2019 John Western Public Lecture
River Room, Customs House, 399 Queen Street, Brisbane.
10 September 2019
Data analytics in the public sector – the tortoise or the hare?
This event is organised by The University of Queensland’s School of Social Science and Institute for Social Science Research in honour of former UQ Professor of Sociology John Western AM. All are welcome to attend. For catering purposes, please register by 5 September 2019.
About the lecture: Data analytics techniques like predictive risk modeling offer incredible opportunities to learn from rich data sets. Whatever service or product you are ‘selling’, whoever you are serving, data analytics offers the chance to connect with the right person in the right way at the right time. But while the private sector has been quick to realise the benefits of analytics, the public sector, besieged as it is with intractable and ‘wicked’ problems, has so far been the tortoise. So why isn’t the public sector keeping up? Despite best intentions, many organisations that have tried to use data analytics for good have delivered cautionary tales rather than inspiring case studies. The failures often stem from inadequate considerations of elements including ethics, transparency, fairness, racial disparities and social license. There is an emerging set of ground rules about what the community deems acceptable uses of data analytics for social good. Rhema will share a short history of data analytics for social good, talk about the emerging ‘rules of engagement’ and share her own experiences in implementing the Allegheny Family Screening Tool – a child welfare decision support tool – in Allegheny County, PA (United States).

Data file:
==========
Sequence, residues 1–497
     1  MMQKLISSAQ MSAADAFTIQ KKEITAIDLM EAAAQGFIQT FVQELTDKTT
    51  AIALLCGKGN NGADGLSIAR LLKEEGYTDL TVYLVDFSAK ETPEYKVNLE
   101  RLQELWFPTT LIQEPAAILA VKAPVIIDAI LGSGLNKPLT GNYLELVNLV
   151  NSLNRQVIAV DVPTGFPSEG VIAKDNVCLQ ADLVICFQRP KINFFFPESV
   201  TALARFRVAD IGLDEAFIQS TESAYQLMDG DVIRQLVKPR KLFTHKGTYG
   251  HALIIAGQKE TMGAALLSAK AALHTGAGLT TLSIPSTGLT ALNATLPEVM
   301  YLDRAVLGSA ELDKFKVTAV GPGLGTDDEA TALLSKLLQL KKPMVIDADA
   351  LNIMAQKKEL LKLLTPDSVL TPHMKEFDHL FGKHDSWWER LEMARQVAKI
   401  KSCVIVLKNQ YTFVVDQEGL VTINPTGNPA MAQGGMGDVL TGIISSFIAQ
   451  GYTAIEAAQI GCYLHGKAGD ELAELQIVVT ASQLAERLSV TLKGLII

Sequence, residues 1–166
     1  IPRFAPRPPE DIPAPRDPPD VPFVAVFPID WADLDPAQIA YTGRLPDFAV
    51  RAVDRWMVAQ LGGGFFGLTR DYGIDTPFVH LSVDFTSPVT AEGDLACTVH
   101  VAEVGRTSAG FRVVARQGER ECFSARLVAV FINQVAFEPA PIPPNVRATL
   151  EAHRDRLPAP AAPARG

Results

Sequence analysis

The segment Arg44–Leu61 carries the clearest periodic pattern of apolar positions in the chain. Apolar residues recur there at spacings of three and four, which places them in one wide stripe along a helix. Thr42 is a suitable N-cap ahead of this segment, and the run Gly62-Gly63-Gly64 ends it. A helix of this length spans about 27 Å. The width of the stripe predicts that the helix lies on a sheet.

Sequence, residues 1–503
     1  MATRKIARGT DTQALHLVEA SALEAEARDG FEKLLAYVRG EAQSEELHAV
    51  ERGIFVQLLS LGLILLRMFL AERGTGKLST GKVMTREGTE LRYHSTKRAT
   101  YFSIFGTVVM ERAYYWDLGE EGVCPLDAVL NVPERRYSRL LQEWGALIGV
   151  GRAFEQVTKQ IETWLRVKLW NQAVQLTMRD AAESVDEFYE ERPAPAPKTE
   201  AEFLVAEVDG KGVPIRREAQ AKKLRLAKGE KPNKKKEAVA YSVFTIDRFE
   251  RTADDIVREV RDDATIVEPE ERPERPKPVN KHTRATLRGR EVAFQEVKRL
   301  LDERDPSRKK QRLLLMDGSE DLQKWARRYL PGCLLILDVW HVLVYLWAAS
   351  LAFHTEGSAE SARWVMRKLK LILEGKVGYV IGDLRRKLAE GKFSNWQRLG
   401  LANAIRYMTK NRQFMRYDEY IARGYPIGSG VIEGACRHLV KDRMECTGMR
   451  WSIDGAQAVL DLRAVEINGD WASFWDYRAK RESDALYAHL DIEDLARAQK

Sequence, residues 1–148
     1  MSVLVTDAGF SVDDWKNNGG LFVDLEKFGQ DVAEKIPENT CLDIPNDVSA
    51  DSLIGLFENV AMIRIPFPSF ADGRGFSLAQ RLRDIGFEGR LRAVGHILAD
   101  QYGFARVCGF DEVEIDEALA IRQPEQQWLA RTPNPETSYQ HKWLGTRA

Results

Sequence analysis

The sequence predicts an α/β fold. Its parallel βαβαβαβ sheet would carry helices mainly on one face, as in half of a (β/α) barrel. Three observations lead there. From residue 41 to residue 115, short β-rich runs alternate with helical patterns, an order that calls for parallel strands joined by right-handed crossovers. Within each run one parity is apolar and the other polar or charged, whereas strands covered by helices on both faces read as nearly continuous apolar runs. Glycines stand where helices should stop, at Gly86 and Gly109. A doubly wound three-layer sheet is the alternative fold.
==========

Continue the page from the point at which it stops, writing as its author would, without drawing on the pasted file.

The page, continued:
About the presenter: Rhema holds a partial appointment at the Institute for Social Science Research as a Professor of Social Data and Analytics. She is also a Professor of Economics at Auckland University of Technology (New Zealand) where she is director of the Centre for Social Data Analytics, a research centre focused on using data analytics for social impact. Additionally, Rhema is Director of the Singapore Life Panel, a large population-representative monthly survey run from Singapore Management University. Rhema is internationally recognised for implementation of machine learning tools in high stakes government systems such as child welfare. Her work has been published in top journals and profiled in TheNew York Times and Nature. Her methods for screening child abuse calls using machine learning tools are being adopted internationally. She is frequently invited to speak to government agencies, researchers and practitioners around the world about ethical use of machine learning tools in public policy. Rhema has held research positions in Australia, Singapore and the United States, including a Harkness Fellowship at Harvard University.